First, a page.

The History of Canons

Prior to the Norman Conquest Canons was owned by the abbey of St. Albans and in 1086 by Roger de Rames. His descendants gradually gifted land to the Augustinian priory of St. Bartholomew Smithfield until, in the 13th Century, they were the main land owners in the area. It was from these Augustinian cannons that Canons, or Cannons as it was once spelt, takes its name being first used in 1501. At the dissolution of the monasteries, the manor passed into the hands of Sir Hugh Losse in 1544, then to his son Robert, who sold the estate to Sir Thomas Lake, James I's Chancellor of the Exchequer. He replaced Losse's manor house with a mansion on a grander scale. Lake's great-granddaughter, Mary Lake, inherited Cannons and brought it in a dowry on her marriage to her cousin James Brydges in 1697 at Westminster Abbey.

Two years after his marriage to Mary Lake, James Brydges became MP for Hereford. He rose to the rank of Paymaster General to the Forces, a post which he left in 1713 having accumulated a fortune estimated at £600,000. Mary died in 1712, and in 1713 Brydges married his 43 year-old first cousin, Cassandra Willoughby. Around the same time he began the enlargement of Canons. In 1714 the couple and Brydges' two sons moved into the first completed part of the palatial new home.

In October 1714 Brydges inherited the earldom Caernarvon, which had recently been bestowed on his ailing father. In 1717 Bridges was created first Duke of Chandos and in the same year the composer George Frederick Handel became composer-in-residence at Canons. Handel wrote The Chandos Anthems at Canons, and his opera Acis and Galatea was first performed in the gardens. He remained at Canons until 1720.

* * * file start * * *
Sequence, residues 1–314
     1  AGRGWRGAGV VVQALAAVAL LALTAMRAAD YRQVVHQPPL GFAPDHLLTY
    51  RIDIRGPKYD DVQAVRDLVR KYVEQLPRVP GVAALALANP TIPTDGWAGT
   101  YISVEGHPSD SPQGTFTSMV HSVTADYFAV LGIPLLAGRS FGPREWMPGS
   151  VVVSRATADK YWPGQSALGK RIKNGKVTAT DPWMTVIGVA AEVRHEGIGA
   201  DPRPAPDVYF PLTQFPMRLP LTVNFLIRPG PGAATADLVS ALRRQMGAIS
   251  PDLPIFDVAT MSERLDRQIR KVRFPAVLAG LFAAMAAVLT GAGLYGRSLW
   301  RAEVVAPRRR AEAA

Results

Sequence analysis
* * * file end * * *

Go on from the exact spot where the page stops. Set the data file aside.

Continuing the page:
Read more about Handel and music at Canons in the Eighteenth Century 

In 1720, the year in which the building of the palace was completed, Chandos lost his fortune in the South Sea Bubble financial disaster. His wife Cassandra died in 1735, and a year later he married a 43 year-old widow (Lydia, Lady Davall) who brought with her a fortune estimated at around £40,000. Chandos eventually died in 1744, and his third wife died in 1750.

The palace at Canons was demolished in 1747 after the second Duke had sold off the great house and its effects in order to pay the accumulated family debts. The materials were auctioned for architectural salvage: the original colonnade now stands in front of the National Gallery in Trafalgar Square. The estate itself and the materials remaining on site were bought by William Hallett, a prosperous cabinet-maker turned gentleman, who built a country house on a relatively modest scale in 1760.

Hallett died in 1781 and upon the death of his grandson and heir in 1785, Canons was acquired by 'Captain' Dennis O'Kelly, a successful Irish adventurer and racehorse breeder, who made his fortune from the great race-horse, Eclipse. Sir Thomas Plumer, Master of the Rolls, bought the estate at auction in 1805, and made a number of improvements to house and parklands. It was later acquired by Dr David Begg.

In 1887, following Dr Begg's death, it was auctioned for the last time and around 1896 Sir Arthur du Cros, a pneumatic tyre magnate acquired the house and surrounding grounds and commissioned Charles Mallows to design his gardens, which were considered to be amongst the greatest of the Edwardian era. Mallows also designed the present front of the Old House. The rest of the estate became the Canons Park Estate Company, who sold the remaining land as building plots.

After the First World War, Du Cros put the house on the market and it was eventually bought by the North London Collegiate School in 1929 for the sum of £17,500.

For more information on the history of Canons, please visit our Archive pages. 


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